Update from Professor Eric Alton - September 2018

Over the last few months, the UK Cystic Fibrosis Gene Therapy Consortium (GTC), which includes the NHLI (Eric Alton, Jane Davies, Uta Griesenbach and Tracy Harman), and the Universities of Oxford and Edinburgh, have made progress in a number of areas.

The GTC has built on experience gained with a non-viral approach to transferring genes into the airways, successfully used in a major Phase 2B cystic fibrosis trial which met its primary outcome, to develop a new viral vector-based product. The latter recently received £2.75M funding from the Health Innovation Challenge Fund (a partnership between the Wellcome Trust and the Department of Health and Social Care) for translation into the clinic.

To catalyse this translation the GTC has now joined forces with two world class organisations in a major collaboration. The partnership will include Boehringer Ingelheim, an internationally renowned ‘big pharma’ company with substantial expertise in bringing products through to patients in the respiratory field, and Oxford BioMedica who are the acknowledged leaders in the field of manufacturing the viral vector. The three partners are coming together to translate this product into clinical trials, and if successful, into routine clinical practice. The GTC believes that this partnership provides cystic fibrosis (CF) patients with the optimal chance to establish gene therapy as routine clinical practice, relevant to all patients irrespective of their mutation status, and in due course to both prevent lung disease as well as treat established problems. Imperial College London's technology commercialisation company, Imperial Innovations, is acting as the lead on the technology transfer for the partnership.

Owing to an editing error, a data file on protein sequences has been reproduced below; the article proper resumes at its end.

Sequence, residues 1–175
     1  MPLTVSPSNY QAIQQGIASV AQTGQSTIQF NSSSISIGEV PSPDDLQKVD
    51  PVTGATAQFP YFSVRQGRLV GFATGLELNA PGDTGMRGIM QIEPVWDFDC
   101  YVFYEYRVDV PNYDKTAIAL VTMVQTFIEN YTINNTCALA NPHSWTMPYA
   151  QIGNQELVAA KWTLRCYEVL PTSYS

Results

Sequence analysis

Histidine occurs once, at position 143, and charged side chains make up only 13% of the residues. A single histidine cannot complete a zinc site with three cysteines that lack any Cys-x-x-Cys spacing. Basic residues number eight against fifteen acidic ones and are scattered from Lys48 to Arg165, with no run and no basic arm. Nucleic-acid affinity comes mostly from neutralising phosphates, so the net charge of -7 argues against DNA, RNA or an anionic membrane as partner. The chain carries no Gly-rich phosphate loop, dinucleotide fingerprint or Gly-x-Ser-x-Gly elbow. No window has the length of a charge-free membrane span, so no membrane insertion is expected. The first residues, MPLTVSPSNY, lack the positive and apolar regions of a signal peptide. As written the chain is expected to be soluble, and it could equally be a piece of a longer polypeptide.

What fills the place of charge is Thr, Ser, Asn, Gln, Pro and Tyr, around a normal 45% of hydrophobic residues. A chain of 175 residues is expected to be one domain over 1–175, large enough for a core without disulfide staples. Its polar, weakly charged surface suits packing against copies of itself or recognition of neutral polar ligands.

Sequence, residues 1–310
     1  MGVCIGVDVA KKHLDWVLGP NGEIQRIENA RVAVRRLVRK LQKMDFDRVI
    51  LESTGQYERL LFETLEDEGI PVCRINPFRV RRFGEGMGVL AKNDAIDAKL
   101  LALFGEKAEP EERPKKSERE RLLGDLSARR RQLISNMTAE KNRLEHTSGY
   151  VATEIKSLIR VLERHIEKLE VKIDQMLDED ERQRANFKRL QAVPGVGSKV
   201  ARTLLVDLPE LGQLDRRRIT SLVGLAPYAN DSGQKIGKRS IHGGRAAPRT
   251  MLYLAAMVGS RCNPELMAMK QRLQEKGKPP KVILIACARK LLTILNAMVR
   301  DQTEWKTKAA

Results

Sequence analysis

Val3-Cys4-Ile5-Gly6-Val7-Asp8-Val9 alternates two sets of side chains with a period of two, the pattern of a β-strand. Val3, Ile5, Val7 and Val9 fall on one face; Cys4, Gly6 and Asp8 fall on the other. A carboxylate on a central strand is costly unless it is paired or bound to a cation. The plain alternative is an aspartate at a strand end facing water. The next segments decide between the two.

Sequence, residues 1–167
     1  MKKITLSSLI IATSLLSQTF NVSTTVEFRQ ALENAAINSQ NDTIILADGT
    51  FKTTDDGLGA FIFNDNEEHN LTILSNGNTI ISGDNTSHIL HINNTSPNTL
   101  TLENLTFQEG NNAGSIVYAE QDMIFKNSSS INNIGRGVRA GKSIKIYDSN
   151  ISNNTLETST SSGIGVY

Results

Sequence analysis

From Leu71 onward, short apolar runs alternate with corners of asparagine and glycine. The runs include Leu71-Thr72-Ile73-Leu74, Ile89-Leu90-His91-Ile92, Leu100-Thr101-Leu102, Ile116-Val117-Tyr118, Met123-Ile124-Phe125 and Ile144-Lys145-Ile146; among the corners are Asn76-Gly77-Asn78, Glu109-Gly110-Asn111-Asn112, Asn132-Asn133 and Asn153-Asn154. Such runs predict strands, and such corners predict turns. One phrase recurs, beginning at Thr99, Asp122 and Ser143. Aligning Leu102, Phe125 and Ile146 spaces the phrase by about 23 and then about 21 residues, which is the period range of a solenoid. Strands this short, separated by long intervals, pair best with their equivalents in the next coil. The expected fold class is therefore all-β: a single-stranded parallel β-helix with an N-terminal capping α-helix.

In parallel the GTC were successful in a £6.4M bid for a Wellcome Portfolio award focused on using the lentiviral vector as a platform technology for diseases other than CF. Five initial disease targets have been identified including α1-antitrypsin deficiency, surfactant protein B deficiency, interstitial lung diseases, haemophilias and pandemic flu. The GTC has also gained funding to assess the use of the lentivirus platform for the treatment of alveolar proteinosis (with Cliff Morgan at the Brompton) and thrombotic thrombocytopaenic purpura (with Tom McKinnon and Mark Islan at Imperial).

Finally, Imperial (Eric Alton and Uta Griesenbach) were successful in a £5M Higher Education Innovation Fund bid, partnered with UCL and King’s College London, to increase collaboration across London in the field of Advanced Therapy Medicinal Products (ATMP’s, i.e. gene and cell therapies). The aim is to reduce duplication and competition across the capital and to enhance further the already significant portfolio of ATMP studies being delivered both with industry and academically.